The Swede on Timor Swedish expansion in the early-modern period was seldom directed to other continents, in spite of short-lived enterprises in Delaware and West Africa. Consequently, Swedish travel accounts of non-Western areas are rare up to the eighteenth century. With the activities of the Swedish East India Company (1731and the peregrinations of the disciples of Linnaeus (1707-1778) a spate of published travel accounts surfaced, notably Carl Thunberg’s account of his visit to Japan (1775-1776).1 At least some of these writings display a positive curiosity about the lands and peoples they visited. It should be recalled that this was at the height of the Enlightenment, with universalistic ideas about the fate of mankind and sentimental interest for the noble savage (often, though less correctly, associated with Jean-Jacques Rousseau’s writings).
In 1815, two years after the dissolving of the East India Company and a year after Norway’s forced union with Sweden, a short text of 15 pages appeared at Marquardska Tryckeriet, a well-known publishing house in Stockholm. The title was laconic but suggestive: Swensken på Timor (The Swede on Timor).2 Timor was known to the avid reader of travel literature at the time as the destination of Captain William Bligh after his remarkable sea travel in 1789, following the much-publicized mutiny of the Bounty (Bligh 1969). Otherwise, apart from passages in a few published travelogues, the sizeable island was something of a terra incognita. Although the Portuguese and Dutch were positioned there since the seventeenth century, Timor was an inaccessible and supposedly primitive place that lay at the margins of the European spheres of interest.3 No author is given on the title page, which only states that the story is an “account [translated] from English”. From other sources, however, we do know the name of the person who committed the tropical adventures of the Swede to paper.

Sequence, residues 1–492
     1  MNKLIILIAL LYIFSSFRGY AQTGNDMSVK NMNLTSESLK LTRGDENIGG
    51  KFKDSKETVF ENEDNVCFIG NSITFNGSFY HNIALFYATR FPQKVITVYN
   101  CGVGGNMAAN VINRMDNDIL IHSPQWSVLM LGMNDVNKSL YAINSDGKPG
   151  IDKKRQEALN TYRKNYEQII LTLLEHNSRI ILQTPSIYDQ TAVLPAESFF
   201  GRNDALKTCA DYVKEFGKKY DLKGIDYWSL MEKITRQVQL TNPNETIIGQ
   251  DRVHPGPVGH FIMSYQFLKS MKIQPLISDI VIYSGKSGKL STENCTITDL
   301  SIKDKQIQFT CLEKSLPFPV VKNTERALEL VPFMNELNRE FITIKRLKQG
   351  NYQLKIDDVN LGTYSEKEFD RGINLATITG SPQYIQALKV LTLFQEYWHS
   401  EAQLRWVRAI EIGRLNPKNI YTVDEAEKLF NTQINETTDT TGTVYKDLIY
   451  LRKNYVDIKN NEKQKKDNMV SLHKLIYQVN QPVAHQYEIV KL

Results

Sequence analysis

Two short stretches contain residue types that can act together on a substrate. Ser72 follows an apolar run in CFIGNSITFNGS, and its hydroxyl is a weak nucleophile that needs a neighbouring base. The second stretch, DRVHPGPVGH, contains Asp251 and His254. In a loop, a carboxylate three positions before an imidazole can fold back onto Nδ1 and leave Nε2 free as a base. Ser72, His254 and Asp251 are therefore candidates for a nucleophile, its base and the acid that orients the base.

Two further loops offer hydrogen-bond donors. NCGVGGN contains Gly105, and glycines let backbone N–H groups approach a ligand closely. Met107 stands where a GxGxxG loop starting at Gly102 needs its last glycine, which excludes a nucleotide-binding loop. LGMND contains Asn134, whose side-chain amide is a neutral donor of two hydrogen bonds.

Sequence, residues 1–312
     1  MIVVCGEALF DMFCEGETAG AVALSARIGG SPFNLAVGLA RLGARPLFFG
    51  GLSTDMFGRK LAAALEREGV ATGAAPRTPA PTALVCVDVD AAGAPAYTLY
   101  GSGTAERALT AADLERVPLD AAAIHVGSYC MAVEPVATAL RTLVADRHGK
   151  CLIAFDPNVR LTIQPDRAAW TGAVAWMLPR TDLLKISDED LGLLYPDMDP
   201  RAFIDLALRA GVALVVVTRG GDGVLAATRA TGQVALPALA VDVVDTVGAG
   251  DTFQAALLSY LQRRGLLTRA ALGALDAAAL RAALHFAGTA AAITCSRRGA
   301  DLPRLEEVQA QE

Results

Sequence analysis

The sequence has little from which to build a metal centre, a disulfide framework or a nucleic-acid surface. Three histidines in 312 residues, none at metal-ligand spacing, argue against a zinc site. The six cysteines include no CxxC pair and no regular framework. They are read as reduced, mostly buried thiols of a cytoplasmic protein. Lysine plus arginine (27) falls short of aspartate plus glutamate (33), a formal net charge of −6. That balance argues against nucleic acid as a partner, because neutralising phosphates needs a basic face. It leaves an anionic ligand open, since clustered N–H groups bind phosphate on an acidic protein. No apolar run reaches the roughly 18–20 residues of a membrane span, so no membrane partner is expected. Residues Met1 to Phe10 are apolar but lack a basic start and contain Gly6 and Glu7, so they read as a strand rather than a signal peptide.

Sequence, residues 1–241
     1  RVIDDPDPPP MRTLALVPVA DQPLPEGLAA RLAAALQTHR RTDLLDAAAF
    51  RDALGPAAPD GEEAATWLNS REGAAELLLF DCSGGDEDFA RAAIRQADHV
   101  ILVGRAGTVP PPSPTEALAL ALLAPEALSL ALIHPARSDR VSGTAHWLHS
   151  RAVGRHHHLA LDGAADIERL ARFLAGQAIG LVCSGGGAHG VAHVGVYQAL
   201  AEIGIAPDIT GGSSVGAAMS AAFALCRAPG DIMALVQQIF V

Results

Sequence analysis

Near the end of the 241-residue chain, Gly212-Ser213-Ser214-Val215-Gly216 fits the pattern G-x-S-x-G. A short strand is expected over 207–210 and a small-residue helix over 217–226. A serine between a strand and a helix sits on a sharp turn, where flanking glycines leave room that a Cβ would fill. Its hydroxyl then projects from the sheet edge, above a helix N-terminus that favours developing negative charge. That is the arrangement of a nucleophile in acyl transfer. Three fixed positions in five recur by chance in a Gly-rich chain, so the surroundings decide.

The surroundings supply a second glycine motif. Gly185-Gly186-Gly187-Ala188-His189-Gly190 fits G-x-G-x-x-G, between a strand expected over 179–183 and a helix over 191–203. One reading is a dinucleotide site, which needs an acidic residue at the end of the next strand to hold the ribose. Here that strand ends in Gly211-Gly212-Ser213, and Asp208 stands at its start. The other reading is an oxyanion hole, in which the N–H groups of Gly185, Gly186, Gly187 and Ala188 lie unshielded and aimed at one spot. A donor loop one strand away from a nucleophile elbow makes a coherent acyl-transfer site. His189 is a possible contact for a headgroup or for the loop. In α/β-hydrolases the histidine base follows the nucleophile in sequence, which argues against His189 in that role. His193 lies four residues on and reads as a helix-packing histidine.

Her name was Christina Cronhjelm (1784-1852), the daughter of an officer and soon to become the wife of Major Johan Gustav Berger. The short story under scrutiny lies at the very beginning of a long writing career. She wrote a series of Culture Unbound, Volume 6, 2014  short romantic novels, translated literary texts from French and English, and contributed to various journals and newspapers. Her literary exploits were not praised by posterity, which found her style stymied by romanticist overtones and conventions. Nevertheless, some of her work enjoyed much popularity and she wrote lyrics to which her husband composed music (Ekelund 1886: 65-71).